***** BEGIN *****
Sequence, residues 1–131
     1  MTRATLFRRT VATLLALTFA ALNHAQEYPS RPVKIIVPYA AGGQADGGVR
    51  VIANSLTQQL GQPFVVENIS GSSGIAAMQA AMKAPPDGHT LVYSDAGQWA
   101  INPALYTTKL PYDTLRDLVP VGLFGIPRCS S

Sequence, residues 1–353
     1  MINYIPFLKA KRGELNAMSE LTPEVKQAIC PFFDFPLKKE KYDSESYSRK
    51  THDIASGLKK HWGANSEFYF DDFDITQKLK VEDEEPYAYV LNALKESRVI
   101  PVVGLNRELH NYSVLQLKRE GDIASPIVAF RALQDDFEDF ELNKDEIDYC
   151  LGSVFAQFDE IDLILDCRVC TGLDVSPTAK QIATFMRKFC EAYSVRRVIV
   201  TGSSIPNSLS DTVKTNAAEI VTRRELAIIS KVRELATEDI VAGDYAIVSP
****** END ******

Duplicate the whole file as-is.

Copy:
Sequence, residues 1–131
     1  MTRATLFRRT VATLLALTFA ALNHAQEYPS RPVKIIVPYA AGGQADGGVR
    51  VIANSLTQQL GQPFVVENIS GSSGIAAMQA AMKAPPDGHT LVYSDAGQWA
   101  INPALYTTKL PYDTLRDLVP VGLFGIPRCS S

Sequence, residues 1–353
     1  MINYIPFLKA KRGELNAMSE LTPEVKQAIC PFFDFPLKKE KYDSESYSRK
    51  THDIASGLKK HWGANSEFYF DDFDITQKLK VEDEEPYAYV LNALKESRVI
   101  PVVGLNRELH NYSVLQLKRE GDIASPIVAF RALQDDFEDF ELNKDEIDYC
   151  LGSVFAQFDE IDLILDCRVC TGLDVSPTAK QIATFMRKFC EAYSVRRVIV
   201  TGSSIPNSLS DTVKTNAAEI VTRRELAIIS KVRELATEDI VAGDYAIVSP